In Jackson’s class, Hanrahan worked on the Super Lancair ES, helping install the engine mounts on the firewall and then mate the Continental engine to the airframe. He eventually was bitten deep by the airplane bug. In the spring of his senior year, he took flying lessons and got his private pilot’s license. He hopes to get his instrument rating this summer. Though he is now majoring in pre-law at Michigan State University in East Lansing, he says: “In ten years I hope to be in the first chair of a 737 or 757. If I can find a triple seven , I’ll be there.”
Senior Maggie Olczyk also fell under the aviation spell while working on the Super Lancair ES. She ended up taking flying lessons and applying to Embry-Riddle Aeronautical College in Daytona Beach, Florida.
Both Olczyk and Hanrahan look forward to the first flight of the Super Lancair ES so they can take part in a Jackson tradition: Whenever an aircraft is completed, Jackson serves as the test pilot, and the first passengers are students who worked on the project in class, earned at least a C, and went on to train for an aviation career.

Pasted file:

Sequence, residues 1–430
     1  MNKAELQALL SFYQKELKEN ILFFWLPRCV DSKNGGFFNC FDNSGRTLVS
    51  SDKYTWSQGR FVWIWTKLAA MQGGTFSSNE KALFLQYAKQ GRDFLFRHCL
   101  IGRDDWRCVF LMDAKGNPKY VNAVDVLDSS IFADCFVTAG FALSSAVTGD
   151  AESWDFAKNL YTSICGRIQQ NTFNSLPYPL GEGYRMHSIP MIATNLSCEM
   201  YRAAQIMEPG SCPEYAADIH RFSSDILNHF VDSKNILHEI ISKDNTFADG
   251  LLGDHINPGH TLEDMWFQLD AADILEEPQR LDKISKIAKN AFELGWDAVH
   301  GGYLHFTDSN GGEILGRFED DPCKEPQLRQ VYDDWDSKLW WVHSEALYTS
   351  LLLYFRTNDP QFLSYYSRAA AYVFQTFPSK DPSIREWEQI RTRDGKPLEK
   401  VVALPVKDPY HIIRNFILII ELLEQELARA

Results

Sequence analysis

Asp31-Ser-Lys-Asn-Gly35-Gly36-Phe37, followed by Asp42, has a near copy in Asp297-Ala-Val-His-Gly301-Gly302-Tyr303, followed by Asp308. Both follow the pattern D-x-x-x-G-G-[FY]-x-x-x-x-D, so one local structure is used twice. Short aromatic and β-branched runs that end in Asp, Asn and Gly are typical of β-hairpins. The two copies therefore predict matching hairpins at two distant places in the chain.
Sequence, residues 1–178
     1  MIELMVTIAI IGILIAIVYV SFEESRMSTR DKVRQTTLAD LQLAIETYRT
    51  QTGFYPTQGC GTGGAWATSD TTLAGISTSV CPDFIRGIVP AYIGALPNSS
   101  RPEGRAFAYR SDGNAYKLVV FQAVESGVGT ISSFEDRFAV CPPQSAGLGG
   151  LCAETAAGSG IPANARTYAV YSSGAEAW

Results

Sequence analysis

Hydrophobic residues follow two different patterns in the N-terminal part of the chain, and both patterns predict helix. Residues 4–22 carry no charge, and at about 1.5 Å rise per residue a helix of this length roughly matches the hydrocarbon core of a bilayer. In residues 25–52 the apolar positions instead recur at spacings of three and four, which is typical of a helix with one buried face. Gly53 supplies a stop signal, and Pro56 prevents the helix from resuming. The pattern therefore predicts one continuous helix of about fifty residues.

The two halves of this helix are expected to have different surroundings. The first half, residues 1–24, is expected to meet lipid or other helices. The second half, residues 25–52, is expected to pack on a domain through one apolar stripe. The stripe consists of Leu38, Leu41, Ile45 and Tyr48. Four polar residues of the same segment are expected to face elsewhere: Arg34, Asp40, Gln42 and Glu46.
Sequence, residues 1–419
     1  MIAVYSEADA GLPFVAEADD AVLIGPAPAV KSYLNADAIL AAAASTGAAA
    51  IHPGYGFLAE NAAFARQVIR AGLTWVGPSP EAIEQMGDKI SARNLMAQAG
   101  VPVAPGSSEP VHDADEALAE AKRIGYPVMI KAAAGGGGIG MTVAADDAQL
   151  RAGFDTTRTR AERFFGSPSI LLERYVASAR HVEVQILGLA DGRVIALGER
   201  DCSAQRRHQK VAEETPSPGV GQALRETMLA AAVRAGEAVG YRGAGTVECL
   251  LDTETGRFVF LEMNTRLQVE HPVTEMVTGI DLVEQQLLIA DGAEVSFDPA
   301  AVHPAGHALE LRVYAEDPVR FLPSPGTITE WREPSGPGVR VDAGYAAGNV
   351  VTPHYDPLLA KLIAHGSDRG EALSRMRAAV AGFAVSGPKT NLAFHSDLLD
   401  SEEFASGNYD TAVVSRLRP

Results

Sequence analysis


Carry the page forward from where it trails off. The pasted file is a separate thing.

“I can’t wait,” says Olczyk. “I’m just waiting for the phone call from Mr. Jackson. My friend and I worked on that part where you put your foot to climb into the plane. We did most of that, so if anything happens, they’ll know who did it.”
Jackson’s campaign to introduce students to aviation has extended beyond shop work. As part of Young Eagle Days, a program that the Experimental Aircraft Association runs to encourage kids to try flying, Jackson would offer all his students, regardless of their career goals, a ride in a rented Cessna. Students vividly remember swooping down on Mundelein. Says one: “To see your own town from the seat of a small airplane—I mean, it’s something you never forget.”
To help broaden their perspectives, Jackson would bring a few students to the annual EAA fly-ins at Oshkosh, Wisconsin, to participate in exhibits on the Mundelein program. And each summer he took students on a fishing trip to a remote lodge in northern Ontario, where they’d go on short flights in one of the Mundelein airplanes. “My focus here has been to get young people to get away from Mundelein and see the world,” Jackson says. “Some of these kids have never flown. Some of them have never been to Chicago.… I try to open their eyes a little.”